Steve Vaccaro fights a ticket for riding outside the bicycle lane in the State Supreme Court.
Cyclist Evan Neumann was biking up Allen Street on the Lower East Side last February when he was pulled over by an NYPD officer and issued a ticket for something that isn’t against the law in NYC. As Neumann was approaching Stanton Street, he checked behind him to make sure there was no oncoming traffic, and left the bike lane to switch to the right side of Allen, in order to make the right turn on Stanton. He was then issued a ticket for failing to use the bike lane. Thing is, cyclists are not legally required to stay in the bike lane in NYC in every situation.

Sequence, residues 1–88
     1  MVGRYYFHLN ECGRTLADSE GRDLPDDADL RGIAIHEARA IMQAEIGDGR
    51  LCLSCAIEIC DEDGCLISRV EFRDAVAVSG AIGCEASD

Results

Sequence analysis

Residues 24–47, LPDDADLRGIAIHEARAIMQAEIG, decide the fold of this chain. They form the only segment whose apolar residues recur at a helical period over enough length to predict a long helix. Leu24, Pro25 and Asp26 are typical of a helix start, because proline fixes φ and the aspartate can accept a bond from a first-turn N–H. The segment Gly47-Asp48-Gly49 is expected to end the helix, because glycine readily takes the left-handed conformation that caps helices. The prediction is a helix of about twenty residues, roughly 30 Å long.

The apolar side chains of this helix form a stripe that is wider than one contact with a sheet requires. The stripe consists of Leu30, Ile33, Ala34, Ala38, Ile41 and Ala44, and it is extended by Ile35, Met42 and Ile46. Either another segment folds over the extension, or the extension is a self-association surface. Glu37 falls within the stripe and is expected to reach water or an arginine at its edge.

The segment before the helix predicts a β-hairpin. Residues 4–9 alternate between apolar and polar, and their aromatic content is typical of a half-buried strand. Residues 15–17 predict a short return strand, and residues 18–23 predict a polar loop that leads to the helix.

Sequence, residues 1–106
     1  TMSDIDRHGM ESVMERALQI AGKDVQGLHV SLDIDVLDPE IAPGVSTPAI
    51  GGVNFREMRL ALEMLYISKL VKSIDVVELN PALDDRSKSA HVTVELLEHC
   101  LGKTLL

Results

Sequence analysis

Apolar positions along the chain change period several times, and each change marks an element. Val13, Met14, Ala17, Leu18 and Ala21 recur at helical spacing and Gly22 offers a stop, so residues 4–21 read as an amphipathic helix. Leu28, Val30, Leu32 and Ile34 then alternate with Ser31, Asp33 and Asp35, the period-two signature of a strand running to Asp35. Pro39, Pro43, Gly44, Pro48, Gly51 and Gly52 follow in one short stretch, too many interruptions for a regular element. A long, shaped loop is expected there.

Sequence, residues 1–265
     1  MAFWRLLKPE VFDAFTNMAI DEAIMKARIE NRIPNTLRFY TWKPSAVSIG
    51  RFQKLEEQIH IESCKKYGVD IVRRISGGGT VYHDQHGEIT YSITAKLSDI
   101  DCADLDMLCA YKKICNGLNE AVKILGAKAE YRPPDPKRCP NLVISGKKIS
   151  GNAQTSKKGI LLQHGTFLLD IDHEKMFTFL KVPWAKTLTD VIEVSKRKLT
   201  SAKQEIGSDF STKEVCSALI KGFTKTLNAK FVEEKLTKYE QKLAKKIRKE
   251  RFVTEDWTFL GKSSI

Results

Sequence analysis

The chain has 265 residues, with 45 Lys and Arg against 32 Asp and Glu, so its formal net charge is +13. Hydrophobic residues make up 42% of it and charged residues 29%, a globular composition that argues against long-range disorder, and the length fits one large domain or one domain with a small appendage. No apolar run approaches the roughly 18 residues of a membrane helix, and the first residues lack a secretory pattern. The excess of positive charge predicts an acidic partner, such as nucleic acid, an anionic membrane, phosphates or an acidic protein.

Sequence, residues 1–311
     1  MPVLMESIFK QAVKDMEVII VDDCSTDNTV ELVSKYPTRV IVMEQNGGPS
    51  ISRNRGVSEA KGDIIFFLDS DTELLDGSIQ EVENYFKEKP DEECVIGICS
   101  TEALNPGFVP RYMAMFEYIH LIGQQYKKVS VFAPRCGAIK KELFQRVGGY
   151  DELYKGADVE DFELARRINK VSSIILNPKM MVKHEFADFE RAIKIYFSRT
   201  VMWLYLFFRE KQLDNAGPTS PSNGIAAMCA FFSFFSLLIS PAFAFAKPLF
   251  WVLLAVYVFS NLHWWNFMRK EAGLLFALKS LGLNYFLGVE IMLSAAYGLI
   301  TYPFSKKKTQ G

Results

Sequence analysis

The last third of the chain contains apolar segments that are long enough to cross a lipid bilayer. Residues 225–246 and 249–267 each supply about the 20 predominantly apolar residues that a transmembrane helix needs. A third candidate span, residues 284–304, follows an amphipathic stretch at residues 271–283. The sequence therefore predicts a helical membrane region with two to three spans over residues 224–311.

State law VTL 1234 prohibits cyclists from riding on the left-hand side of the road or more than two abreast, and requires cyclists to proceed in a bicycle lane—but it does not apply in NYC. Neumann fought the ticket—which could have cost him between $50 and $100—and lost in traffic court, and the DMV appeals board also rejected his appeal. So now he’s filed a motion in State Supreme Court to have the ticket dismissed. His attorney, Steven Vaccaro, is convinced his client will prevail.
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